Getting down to the basics of journalism

August 21, 2005|By BILL KOHLER

In the famed sports movie "Hoosiers," Hickory High School basketball coach Norman Dale stuns his players on the first day of practice.

Not because of his stern demeanor and not because he kicked the parents and townspeople out of the gym.

He shocks his players by having them put down the basketballs and concentrate on fundamentals.

Of course, this ploy - as in so much of mainstream Hollywood - eventually works as the boys get back to basics, work hard and win the state championship.

The story of Hickory High was based on facts and is an example of how the little things - the basics - can pay off and make a huge difference in how a person does something.

In the news business, a firm grasp of the basics is essential.

It starts with good reporting and works its way to the publisher's office.

The publisher of The Herald-Mail, in fact, started as a reporter.


Good reporters know the basics of what makes a good story and how to get them. They know all stories must contain the five basic elements - Who, What, When, Where and Why - or else the story raises more questions than it answers.

Other fundamentals of good journalism are fairness and clarity.

Fairness means we get both sides of the story no matter the obstacles.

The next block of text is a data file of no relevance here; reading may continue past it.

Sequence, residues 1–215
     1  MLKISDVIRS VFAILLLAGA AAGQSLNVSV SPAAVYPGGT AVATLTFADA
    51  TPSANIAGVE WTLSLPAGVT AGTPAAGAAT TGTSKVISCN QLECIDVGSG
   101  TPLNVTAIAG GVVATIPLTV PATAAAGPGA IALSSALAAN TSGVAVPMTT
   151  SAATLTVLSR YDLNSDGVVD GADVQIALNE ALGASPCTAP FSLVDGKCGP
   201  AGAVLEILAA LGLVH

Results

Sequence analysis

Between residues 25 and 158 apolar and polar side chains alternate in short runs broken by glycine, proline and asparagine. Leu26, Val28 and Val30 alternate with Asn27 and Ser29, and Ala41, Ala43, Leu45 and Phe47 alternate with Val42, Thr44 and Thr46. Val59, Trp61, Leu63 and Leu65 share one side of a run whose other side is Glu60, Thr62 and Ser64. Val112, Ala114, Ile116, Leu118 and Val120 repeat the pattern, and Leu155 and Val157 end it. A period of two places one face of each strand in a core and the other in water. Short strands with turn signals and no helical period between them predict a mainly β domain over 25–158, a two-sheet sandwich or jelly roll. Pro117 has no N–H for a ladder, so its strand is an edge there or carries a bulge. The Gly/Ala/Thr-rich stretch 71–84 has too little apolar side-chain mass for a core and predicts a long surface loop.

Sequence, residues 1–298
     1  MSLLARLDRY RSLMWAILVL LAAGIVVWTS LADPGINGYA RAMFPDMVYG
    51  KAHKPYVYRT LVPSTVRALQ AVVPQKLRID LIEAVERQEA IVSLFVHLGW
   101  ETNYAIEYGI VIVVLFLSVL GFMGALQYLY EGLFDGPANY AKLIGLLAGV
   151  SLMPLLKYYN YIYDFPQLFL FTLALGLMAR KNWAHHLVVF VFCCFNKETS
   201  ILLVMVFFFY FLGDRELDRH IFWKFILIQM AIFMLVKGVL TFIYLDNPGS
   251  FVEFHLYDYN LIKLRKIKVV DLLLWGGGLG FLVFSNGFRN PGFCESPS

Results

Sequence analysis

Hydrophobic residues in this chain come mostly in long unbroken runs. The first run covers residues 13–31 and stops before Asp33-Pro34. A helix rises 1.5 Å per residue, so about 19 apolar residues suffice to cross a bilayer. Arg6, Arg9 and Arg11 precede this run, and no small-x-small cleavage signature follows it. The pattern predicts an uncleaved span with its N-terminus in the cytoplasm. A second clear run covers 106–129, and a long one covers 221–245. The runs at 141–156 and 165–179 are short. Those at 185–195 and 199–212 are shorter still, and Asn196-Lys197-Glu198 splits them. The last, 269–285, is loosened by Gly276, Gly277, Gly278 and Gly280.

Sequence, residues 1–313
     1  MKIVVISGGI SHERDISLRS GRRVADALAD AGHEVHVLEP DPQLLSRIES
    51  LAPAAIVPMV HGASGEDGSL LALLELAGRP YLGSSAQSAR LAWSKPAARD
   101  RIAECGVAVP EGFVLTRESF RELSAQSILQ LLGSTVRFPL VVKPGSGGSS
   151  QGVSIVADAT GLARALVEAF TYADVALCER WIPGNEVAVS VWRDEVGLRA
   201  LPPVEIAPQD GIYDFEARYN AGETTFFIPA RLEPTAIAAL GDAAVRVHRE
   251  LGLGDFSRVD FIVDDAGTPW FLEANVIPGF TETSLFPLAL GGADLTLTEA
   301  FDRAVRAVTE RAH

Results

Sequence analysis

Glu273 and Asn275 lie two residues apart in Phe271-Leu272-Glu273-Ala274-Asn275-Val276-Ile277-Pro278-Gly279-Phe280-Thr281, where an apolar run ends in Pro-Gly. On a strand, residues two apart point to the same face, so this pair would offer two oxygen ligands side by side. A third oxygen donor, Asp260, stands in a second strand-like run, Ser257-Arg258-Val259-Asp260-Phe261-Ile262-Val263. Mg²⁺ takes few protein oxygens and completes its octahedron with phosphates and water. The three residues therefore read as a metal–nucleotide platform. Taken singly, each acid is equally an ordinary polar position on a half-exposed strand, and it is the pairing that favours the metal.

Clarity is best explained this way: If the reporter or writer doesn't understand it, how will the reader?

Newspaper editors, in turn, do their part by helping the reporters get past the hurdles that often keep them from getting the basics.

Editors also are trained in the basics. Many are former reporters who cut their teeth on the fundamentals for years.

Everything in journalism boils down to the basic of all basics, the nuclear element of what we do: accuracy.

Accuracy - or getting it right, as it's known in this business - is what good journalism is based on.

Good reporters check, double-check and triple-check their facts before they finish their stories.

Editors (or fact checkers at bigger news outlets) then take that to the next level, using their expertise, experience and an Associated Press Stylebook to help the story become even better.

Many times at The Herald-Mail - as reporters will be quick to point out - stories are so well written before they reach editors that we need to do very little to them.


Because the reporter covered the basics.

They got the main elements, they talked to several sources on both sides of the issue, their writing was clear and they double-checked their facts before hitting the send button.

This business is challenging, compelling, important and, at times, frustrating.

But like most other professions, it is not unique at its core.

Before you can fly, you need to learn how. You need to figure out how to flap your wings, how much of a running start is required and how much flapping it will take to keep you aloft.

And then there's the landing.

It is the basics that will keep good newspapers in business.

Bill Kohler is Tri-State Editor of The Herald-Mail. You may reach him at 1-800-626-6397, ext. 2023, or by e-mail at

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